The new recovery portfolio version is labelled:
- Diamond-Onyx 35-65 Mix (Main) 2020 (sg218.2)
Note that the sg number for this new recovery portfolio ends in “.2” (point two) to distinguish it from the model portfolio “Diamond-Onyx 35-65 Mix (Main) - sg218” that it is based on. Also note that the portfolio name ends with “2020.”
Another feature of the new version is the omission of the ETF SHY (US Treasury 1-3 year bond ETF). Instead of trading SHY, one simply holds that same amount of money uninvested in one’s account – the amount being indicated as “Cash (no ETF)” in the weekly target weights. This omission of SHY allows the addition of the NASDAQ-linked ETF without increasing the number of ETFs.
Below is a diagram that compares Diamond-Onyx Mix (sg218) and the new 2020 recovery (sg218.2) version.
Why NASDAQ Was Not Used Earlier
A reasonable question is why NASDAQ was not included in the original Focused 15 Investing model portfolios. In the period 2007 to 2010, when the MRI approach was developed, NASDAQ’s history was just 36 years (beginning in 1971) and much of that history was dominated by the internet and technology boom of the 1990s and the following bust in 2000.
The MRI did a reasonable job navigating that boom and bust, but it was just one major cycle in the historical record, and therefore I was not able to conclude with confidence that the MRI approach was successful for NASDAQ in general. By comparison, the DJIA has usable history back to 1918 and has had many booms and busts during that time. The MRI did a good job of navigating them, which gives greater confidence in the DJIA signals.
But now, we have had additional valuable experience with the MRI and NASDAQ. Not only have the MRI handled the NASDAQ well for the period prior to the 2007-2009 financial crisis, but also the years though 2020 (thus far).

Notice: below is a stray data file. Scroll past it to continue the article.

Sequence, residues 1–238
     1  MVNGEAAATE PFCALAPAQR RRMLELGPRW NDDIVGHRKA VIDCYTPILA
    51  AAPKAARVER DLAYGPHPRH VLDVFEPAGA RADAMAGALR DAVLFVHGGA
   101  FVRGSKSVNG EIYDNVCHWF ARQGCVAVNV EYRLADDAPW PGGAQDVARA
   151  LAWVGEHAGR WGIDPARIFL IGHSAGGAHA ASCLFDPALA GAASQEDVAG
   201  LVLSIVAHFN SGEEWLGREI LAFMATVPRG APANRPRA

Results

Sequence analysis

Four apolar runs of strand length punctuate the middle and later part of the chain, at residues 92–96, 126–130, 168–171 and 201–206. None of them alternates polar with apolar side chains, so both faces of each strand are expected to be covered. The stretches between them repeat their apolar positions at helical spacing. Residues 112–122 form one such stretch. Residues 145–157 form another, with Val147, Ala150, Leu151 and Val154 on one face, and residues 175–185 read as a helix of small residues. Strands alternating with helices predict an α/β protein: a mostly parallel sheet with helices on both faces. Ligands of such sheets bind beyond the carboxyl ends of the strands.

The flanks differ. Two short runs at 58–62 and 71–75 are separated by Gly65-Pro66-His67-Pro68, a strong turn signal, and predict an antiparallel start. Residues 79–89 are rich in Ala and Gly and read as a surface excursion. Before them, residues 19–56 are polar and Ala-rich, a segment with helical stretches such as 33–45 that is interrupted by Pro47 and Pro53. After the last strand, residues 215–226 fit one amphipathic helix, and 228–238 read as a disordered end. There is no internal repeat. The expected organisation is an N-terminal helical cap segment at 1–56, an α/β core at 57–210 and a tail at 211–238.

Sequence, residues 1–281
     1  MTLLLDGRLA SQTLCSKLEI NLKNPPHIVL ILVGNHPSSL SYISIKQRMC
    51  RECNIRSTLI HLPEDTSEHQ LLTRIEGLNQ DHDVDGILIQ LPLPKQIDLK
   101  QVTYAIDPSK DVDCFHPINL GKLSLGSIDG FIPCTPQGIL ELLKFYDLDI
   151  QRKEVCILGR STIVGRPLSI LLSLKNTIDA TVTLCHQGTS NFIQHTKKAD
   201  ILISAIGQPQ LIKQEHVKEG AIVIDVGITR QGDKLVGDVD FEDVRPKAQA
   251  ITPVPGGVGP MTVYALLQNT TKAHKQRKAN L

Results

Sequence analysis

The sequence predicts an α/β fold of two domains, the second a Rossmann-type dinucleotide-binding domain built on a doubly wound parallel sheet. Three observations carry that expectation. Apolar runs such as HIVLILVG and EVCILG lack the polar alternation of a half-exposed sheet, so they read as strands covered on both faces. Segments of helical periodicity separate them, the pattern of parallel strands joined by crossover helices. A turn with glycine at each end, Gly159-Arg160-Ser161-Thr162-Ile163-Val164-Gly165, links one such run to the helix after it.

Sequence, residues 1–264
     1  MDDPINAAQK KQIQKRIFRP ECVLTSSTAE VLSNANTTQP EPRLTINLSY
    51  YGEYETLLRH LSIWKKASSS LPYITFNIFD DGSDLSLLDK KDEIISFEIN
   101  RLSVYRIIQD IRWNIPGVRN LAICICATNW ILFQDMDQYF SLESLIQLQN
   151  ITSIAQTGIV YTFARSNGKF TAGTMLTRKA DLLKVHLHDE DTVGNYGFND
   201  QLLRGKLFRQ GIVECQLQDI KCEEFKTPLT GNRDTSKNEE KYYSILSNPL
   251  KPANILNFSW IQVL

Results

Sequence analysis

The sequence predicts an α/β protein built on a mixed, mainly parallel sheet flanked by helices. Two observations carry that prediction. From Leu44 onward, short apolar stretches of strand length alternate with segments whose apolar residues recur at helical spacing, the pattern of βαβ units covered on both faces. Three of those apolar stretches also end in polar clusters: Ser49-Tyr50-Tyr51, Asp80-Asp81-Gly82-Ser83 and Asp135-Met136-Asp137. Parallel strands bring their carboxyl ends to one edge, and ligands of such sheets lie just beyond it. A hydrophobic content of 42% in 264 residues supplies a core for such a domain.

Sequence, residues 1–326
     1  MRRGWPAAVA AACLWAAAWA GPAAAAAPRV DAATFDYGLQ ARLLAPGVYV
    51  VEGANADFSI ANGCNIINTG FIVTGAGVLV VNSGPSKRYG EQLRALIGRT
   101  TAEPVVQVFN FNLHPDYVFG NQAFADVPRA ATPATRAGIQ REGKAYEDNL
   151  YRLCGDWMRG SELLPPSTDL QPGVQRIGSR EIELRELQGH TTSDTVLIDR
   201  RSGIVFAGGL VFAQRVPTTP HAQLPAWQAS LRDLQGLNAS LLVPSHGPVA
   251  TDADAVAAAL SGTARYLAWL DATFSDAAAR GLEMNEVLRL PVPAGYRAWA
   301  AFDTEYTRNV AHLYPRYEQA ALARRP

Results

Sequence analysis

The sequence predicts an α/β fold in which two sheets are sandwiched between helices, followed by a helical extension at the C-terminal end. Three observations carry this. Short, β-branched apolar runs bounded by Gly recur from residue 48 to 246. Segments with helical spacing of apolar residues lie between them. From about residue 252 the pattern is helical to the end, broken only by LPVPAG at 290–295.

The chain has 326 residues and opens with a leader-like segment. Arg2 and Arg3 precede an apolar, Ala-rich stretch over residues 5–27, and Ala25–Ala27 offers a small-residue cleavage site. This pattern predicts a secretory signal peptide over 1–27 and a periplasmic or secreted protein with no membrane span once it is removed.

When we are well past the pandemic, we may see that the there is a place in the main portfolios for a NASDAQ ETF, or we may find that we can revert to using just DJIA. That decision, however, comes later – perhaps many quarters from now.
Additional Thoughts on SHY
In my own investing and from discussions with subscribers, I see that people favor trading fewer ETFs. As you may know, many of the model portfolios use the ETF SHY, which is for 1-3 year Treasury bonds, and is our most conservative ETF. From 2000 to 2010, SHY had an annualized return of 3.9%. This is a good return for a very low risk investment. However, from 2010 to 2020, SHY had an annualized return of 1.2%. The Fed has recently said that it will keep interest rates low for the foreseeable future and this decision means that the return of SHY may stay low. For us, it may not be worth the effort to SHY for the next few years. Thus, the new portfolio does not use SHY – instead the same amount of money is simply held in your account uninvested. This amount is indicated as “Cash (no ETF)” in the target weights. If interest rates move higher, we can switch back to using SHY.